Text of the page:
Sitting in the world's largest refugee camp, 17-year-old ‘Amina' struggles to meet my eyes as she tells me her story.
Fleeing war-torn Somalia early last year, she managed to slip across Kenya's officially closed border. Like hundreds, if not thousands, of other Somali refugees, Amina and 20 others were picked up by Kenyan police on the edge of the Dadaab camp. The police demanded bribes, threatened to deport them and took them to a police station in the camp.
Amina told me of a ten-day ordeal before refugees in the camp paid $300 (Sh24,000) to secure her and the others' release from the station: "On the eighth evening, I left the cell to go the toilet. Two policemen forced told me to go into a room and lie down. One held down my arms and the other raped me. I was so scared I couldn't even shout, but when the second man tried, I screamed... When they took me back the others asked me where I had been but I could not tell them. I was too ashamed. This is the first time I have talked about it to anyone."
Amina is one of at least 60,000 refugees who fled Somalia and sought refuge in camps surrounding Dadaab. Corrupt Kenyan police unlawfully force back to Somalia those who cannot meet their bribe demands, in violation of international law. Others, like Amina, are held and mistreated in appalling conditions in the camps or in nearby towns until bribes are paid. Those who survive Somali militias and Kenyan police find little refuge when they reach the camps, though.
Designed for 90,000 refugees, the Dadaab camps - Ifo, Hagadera and Dagahaley - now shelter over 260,000 and the number is expected to reach at least 300,000 by the end of the year. Despite the closed border, between five and ten thousand refugees are expected to make the crossing. In a worst-case scenario, 200,000 more could arrive in a very short time.
Since August last year, when the camps were officially declared full, over 35,000 new arrivals have received no materials or land for shelter and have been forced to sleep under open skies, or, if lucky, to squat on other refugees' plots and in cramped tents or huts. Acute malnutrition stands at 13 per cent, maybe higher. Tens of thousands struggle to get access to inadequate water supplies. Sanitation conditions are appalling. Health teams cannot meet growing medical needs.
Cholera is already present, and a serious outbreak remains a real risk in Dadaab. Ever-increasing overcrowding and poor sanitation and waste disposal, as well as the lack of investment in hygiene promotion, are only exacerbating this risk. In short, a humanitarian emergency will unfold this year in Dadaab unless urgent action is taken.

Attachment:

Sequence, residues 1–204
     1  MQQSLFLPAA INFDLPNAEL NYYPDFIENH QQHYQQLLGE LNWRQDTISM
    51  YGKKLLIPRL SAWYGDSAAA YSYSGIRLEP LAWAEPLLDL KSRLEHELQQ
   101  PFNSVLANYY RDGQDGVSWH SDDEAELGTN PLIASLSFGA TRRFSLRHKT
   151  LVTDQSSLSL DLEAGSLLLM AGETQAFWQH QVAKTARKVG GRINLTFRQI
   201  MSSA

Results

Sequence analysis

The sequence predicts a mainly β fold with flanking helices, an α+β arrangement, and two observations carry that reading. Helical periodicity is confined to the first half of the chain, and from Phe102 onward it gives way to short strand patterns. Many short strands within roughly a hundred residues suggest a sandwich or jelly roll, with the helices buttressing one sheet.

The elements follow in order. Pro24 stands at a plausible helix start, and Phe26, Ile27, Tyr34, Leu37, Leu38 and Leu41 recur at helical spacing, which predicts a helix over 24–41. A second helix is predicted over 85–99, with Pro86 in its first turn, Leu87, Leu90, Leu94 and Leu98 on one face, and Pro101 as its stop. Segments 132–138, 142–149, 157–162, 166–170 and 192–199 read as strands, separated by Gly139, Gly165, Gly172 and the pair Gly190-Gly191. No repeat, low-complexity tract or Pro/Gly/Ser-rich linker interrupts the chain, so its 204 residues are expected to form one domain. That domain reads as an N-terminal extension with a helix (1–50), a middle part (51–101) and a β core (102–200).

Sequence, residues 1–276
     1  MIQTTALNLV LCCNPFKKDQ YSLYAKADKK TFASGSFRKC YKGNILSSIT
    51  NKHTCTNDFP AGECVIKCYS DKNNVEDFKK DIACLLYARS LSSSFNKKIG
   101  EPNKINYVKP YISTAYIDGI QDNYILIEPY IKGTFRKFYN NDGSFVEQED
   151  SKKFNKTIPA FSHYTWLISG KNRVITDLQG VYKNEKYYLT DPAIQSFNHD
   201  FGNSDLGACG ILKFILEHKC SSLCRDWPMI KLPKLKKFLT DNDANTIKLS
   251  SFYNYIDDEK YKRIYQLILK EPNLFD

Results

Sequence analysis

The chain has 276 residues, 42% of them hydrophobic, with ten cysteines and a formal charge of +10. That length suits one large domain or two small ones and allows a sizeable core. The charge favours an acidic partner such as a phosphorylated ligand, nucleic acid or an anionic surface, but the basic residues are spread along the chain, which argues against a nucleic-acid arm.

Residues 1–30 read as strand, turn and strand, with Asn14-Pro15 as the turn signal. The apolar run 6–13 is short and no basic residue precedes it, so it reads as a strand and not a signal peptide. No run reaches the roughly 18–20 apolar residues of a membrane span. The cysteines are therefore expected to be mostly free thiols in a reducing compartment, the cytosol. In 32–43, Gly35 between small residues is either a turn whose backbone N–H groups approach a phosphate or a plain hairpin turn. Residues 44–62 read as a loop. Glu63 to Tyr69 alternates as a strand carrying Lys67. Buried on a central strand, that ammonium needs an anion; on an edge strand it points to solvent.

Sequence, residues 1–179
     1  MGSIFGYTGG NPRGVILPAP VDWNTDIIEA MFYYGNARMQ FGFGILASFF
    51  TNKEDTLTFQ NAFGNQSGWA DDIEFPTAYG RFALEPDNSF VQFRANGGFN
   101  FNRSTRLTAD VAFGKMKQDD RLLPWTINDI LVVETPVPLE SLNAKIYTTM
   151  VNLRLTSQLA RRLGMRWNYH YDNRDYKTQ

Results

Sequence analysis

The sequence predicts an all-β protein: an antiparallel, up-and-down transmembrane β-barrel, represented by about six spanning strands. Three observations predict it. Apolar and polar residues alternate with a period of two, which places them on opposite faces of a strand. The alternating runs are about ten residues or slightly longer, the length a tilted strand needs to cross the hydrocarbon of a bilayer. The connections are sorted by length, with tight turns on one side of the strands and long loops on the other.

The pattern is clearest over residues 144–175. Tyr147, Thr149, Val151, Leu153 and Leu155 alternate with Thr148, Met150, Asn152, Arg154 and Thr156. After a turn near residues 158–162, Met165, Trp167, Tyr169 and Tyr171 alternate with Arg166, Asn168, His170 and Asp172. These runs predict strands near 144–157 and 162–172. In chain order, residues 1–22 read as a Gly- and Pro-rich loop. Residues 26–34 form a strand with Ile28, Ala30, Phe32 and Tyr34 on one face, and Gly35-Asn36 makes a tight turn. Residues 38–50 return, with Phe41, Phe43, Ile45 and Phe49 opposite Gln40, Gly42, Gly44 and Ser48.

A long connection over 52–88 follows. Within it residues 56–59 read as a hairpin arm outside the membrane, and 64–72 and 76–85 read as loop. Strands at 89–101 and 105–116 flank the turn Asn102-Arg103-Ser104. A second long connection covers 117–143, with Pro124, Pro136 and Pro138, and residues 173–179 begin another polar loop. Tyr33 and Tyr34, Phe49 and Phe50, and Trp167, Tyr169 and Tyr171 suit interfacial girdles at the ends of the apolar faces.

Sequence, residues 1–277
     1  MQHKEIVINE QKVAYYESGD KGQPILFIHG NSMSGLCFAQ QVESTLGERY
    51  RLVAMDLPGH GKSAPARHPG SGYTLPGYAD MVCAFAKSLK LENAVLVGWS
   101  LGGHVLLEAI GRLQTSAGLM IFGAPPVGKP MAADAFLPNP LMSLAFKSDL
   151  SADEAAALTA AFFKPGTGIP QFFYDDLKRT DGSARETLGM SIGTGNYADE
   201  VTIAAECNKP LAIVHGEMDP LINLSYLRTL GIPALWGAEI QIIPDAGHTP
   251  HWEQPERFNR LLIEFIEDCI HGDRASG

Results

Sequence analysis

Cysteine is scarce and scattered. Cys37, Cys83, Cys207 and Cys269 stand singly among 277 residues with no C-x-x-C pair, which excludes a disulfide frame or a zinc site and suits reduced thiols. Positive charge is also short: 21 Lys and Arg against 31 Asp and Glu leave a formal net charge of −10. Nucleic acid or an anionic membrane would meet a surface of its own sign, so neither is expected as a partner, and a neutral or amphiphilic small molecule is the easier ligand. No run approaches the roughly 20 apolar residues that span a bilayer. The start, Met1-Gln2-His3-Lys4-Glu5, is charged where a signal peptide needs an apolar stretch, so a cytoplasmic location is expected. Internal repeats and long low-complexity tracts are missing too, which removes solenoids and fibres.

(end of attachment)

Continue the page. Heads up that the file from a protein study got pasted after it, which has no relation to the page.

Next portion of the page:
What can be done to resolve this crisis? First, the Kenyan government should add to its recent commitment to open a fourth camp for 50,000 refugees. That step will begin to decongest the old camps but is not sufficient by itself to solve the problem of overcrowding and the challenge of sheltering new arrivals this year.
Kenya urgently needs to find land for an additional 100,000 refugees. To help reach an agreement for more land as soon as possible, United Nations development and environmental agencies should step in to address long-standing concerns of Kenyans living near the camps. Second, donor governments, including the United States and European States, should increase funding to agencies working in the camps to ensure that Dadaab's refugees, including Amina, receive the help and protection they desperately need.
Finally, Kenya should work with UNHCR to ensure orderly admission and screening of asylum seekers at the border. Kenya may have legitimate security concerns over Somalia, but its decision to close its border - which also led the UN refugee agency to close a transit centre in Liboi where refugees were registered and given health checks - meets neither its security needs nor its obligation to protect civilians fleeing a war zone.
But before any of these steps, Kenya should rein in its corrupt and abusive police and keep them from preying on refugees like Amina.